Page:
Blind

A subtle kind of unrequited love

“Good evening, Miss. Please follow me.”

She jumped at the firm, resonant voice, but followed the man just as he instructed. It was funny how she was still a little surprised every time he called her, even though it had become a routine since months ago.

“Hey. How was your day?” She asked as she stepped out of the subway train, sounding tired, yet genuinely concerned.

“Well, just the usual. Work, you know.” Standard answer, as always.

It never crossed his mind that it would be nice to say that seeing her at 6:03 p.m. each weekday was one of the happiest times at his dreadful, monotonous work, which was how he genuinely felt.

“Careful, we’re about to get on the escalator.”

One hand placed on his shoulder, another lifting her guide cane, she moved slowly and made sure she wasn’t too close to him so she wouldn’t trip on his feet.

“How does the world look today, Sir? I felt that something has changed. The chilly wind is replaced by pleasant breeze, delivering the fragrance of blossoms directly to me. Pedestrians seem more lighthearted and lively, revived from the world’s hibernation briskly. It is the start of a lovely season, but I feel blue. Not the bright blue of clear, fresh sky, but the kind that is tinted with matted gray. I think I’m forgetting. Forgetting what the world looks like and forgetting its beautiful, vibrant colors. I’ve been in darkness for so long that I’m not even sure whether the black I’m seeing is the real black. I cannot see anything, including what future holds for me. Tell me, Sir, what can I do?”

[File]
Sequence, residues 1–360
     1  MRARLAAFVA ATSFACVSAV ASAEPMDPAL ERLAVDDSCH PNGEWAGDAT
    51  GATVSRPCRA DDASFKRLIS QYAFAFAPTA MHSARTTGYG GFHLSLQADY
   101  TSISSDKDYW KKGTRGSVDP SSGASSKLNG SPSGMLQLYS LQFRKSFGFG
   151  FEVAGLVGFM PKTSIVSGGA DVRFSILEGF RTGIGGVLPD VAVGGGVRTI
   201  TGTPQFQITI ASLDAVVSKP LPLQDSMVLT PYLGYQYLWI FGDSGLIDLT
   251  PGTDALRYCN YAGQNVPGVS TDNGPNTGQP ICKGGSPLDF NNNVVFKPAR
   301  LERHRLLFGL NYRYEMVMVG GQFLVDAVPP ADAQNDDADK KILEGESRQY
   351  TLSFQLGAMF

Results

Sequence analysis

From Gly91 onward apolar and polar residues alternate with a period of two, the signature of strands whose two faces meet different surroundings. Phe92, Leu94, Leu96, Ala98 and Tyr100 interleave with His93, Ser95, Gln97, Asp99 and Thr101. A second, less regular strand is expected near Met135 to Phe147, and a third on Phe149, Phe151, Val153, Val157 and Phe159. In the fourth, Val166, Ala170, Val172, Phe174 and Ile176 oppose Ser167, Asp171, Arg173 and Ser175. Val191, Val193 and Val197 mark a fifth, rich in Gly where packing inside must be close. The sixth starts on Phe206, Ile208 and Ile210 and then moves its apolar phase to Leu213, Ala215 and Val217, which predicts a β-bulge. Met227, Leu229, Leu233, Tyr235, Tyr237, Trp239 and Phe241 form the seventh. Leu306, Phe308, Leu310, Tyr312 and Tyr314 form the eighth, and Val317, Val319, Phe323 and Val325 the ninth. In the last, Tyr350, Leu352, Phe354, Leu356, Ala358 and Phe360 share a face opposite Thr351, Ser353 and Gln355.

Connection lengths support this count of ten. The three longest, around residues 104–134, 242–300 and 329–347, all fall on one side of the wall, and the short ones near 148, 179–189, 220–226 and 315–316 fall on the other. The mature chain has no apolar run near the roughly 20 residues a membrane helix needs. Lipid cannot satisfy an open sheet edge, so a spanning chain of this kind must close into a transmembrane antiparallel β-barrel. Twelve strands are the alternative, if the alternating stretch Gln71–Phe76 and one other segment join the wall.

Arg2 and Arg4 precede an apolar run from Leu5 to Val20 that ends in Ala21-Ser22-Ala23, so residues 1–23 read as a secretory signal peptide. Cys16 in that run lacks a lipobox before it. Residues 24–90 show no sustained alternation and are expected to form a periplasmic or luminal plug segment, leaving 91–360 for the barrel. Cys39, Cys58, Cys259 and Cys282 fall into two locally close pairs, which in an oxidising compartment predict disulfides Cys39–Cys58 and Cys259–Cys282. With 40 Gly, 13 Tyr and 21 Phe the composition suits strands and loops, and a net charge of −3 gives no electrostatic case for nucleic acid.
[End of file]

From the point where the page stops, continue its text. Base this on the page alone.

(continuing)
Drops of tears rolled down her face from her nonfunctioning eyes, but he didn’t see it. He helped her with the turnstile and they just walked quietly for a while. Just when they got off the second escalator and about to exit the subway station, the man began to speak.

“I can’t say that I know how you feel, because I don’t. But even with eyes that can see all the wonders of this world, I don’t know what the future holds for me. I come to work and go home; eat and sleep, and have a drink from time to time, and that’s my life. I can’t even feel the change of season the way you do. Everything will be ok, because you care. Please just always remember that you are special. Now, go home, get some rest, and I’ll see you tomorrow.”

She said goodbye and walked down the slope that led to her apartment, smiling too happily. He was just doing his job escorting her from the platform to the exit, but the kind words he said to her made her day, giving her a sense of tiny, but definite bliss. She started to anticipate 6:03 p.m. of the next evening, when he would be there waiting for her. The man stood on top of the slope and watched her silhouette become smaller and darker, and murmured, “Oh, finally.” He took out a cigarette and lit it. He knew how to enjoy life after all.